10th plan and its test with economy
SEYFETTİN GÜRSELExcept for a few articles, the 10th Five-Year Development Plan (2014-2018) was approved without the fanfare it deserves. The development plans that have been made since 1963 are actually a desire of the West so that its ally’s economy has some kind of a systemization. The first five-year plan was very well prepared with its foundations laid by famous Dutch economist Tinbergen and it was the most successful in reaching its targets. Later, Süleyman Demirel came out with his proverb “We do not need a plan we need pilav (rice)” and plans were not taken too seriously. Later Turkey was in such deep fluctuations that nobody was able to deal with plans.
In the previous plan, the low growth rate was not yet an important issue. Moreover, the Justice and Development Party (AK Party) government was struggling with the military tutelage and meanwhile the economy was managed well thanks to the fruits of the fiscal discipline; whereas now they have 2023 targets and a development plan of the government indeed should be in harmony with these targets.
On a TV channel where the 10th plan was being debated, I was asked whether it was a realistic figure that the 10th plan targeted a 5.5 percent growth. Also, another question of whether the targets of the plan were in harmony with 2023 targets. I answered as such: “I do not find it realistic but the targets are in harmony with 2023 targets.” We can also say this: Because the plan targets have to be in harmony with the 2023 targets, they are not realistic.
Two critical factors: Foreign exchange rate and domestic saving
Without too much wording, the short version is this: The targeted average growth rate is 5.5 percent. It is quite an ambitious target when compared to the current growth rater estimated to be around 3 to 4 percent. Well, how will this high target be achieved? Regarding demand components, domestic and external demands will increase in a balanced way, so much so that the current account deficit which is currently around 6 percent and has a tendency to increase will go back to 5 percent. But at the same time the Turkish Lira will slowly gain value, so much so that in 2018 we will reach a gross domestic product (GDP) of 11.3 trillion dollars. Of course from the point of macroeconomic equilibrium, for the current accounts deficit to drop to 5 percent, the domestic saving rate should increase from 14.4 percent to 19 percent.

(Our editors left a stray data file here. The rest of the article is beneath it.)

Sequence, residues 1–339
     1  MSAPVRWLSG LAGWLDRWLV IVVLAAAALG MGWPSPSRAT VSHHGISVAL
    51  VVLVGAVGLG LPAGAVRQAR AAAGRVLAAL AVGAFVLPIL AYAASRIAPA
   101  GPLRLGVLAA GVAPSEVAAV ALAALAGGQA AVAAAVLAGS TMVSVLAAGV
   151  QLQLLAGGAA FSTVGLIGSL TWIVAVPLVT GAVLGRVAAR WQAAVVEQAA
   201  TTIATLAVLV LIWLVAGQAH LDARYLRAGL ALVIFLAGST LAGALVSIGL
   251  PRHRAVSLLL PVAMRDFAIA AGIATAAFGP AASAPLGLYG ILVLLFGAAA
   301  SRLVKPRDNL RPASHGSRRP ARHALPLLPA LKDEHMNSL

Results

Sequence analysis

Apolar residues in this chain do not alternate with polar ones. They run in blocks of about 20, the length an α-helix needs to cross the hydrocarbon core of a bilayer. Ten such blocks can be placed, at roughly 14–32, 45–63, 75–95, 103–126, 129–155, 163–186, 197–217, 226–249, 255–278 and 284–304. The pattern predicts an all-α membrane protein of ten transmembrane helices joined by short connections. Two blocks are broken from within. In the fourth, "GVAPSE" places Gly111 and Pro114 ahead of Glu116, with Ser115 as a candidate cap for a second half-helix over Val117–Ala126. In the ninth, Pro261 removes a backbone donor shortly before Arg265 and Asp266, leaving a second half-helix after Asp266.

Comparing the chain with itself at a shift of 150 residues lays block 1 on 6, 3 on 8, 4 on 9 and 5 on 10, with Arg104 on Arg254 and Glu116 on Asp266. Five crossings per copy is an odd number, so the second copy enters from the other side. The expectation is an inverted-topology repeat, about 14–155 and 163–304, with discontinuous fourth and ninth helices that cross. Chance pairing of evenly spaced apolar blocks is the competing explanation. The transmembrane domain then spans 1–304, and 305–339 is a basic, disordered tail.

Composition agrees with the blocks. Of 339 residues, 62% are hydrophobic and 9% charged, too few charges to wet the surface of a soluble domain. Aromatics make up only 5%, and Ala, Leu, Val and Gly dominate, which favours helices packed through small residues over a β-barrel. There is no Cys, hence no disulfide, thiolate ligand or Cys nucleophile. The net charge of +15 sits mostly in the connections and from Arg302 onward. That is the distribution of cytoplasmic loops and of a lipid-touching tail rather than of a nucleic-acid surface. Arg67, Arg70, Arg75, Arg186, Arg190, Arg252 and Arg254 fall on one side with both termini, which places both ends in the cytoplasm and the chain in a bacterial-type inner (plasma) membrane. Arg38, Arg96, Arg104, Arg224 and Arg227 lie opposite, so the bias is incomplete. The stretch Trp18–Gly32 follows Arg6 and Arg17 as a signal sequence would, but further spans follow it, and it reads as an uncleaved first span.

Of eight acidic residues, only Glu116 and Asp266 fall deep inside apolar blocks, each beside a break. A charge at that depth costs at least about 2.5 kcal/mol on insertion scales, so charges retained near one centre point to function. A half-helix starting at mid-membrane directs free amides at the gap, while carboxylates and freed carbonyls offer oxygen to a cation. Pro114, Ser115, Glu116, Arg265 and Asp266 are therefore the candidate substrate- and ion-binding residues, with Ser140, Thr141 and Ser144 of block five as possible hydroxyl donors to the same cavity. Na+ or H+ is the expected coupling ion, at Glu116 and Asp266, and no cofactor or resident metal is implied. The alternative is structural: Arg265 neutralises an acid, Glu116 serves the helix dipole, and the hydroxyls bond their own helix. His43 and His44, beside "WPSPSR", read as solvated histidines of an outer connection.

In the plan, 1 point of this extraordinary increase is predicted to come from public saving. Yes, it might, but what about the remaining of the 4.6 points? The financial markets will develop, citizens will have huge advances in financial literacy and the state’s individual retirement incentives will be effective. That’s all. Meanwhile, foreign direct investments will increase to 28 billion dollars in 2018 and thus we will be able to sustain an already decreased current accounts deficit.
From the point of production factors, the most critical assumption is the contribution expected from total factor productivity to growth. A contribution of 1.1 percent is expected from this category. The number of researches has increased recently where the growth performance of Turkish economy is examined from the point of production factors. All of these researches tell us this: The biggest contribution to growth is from capital accumulation. This is natural but not adequate. For Turkey to close the gap of income per capita between itself and developed countries in a relatively swift way, or in today’s trendy phrase, for Turkey not to be caught in the middle income trap, it needs high productivity increases. High productivity increases are only seen in reform eras.
In the 10th plan, there is actually quite a rich reform agenda; however, I cannot pick up any reform scent in the air.
Seyfettin Gürsel is a columnist for daily Radikal in which this piece was published on July 10. It was translated into English by the Daily News staff.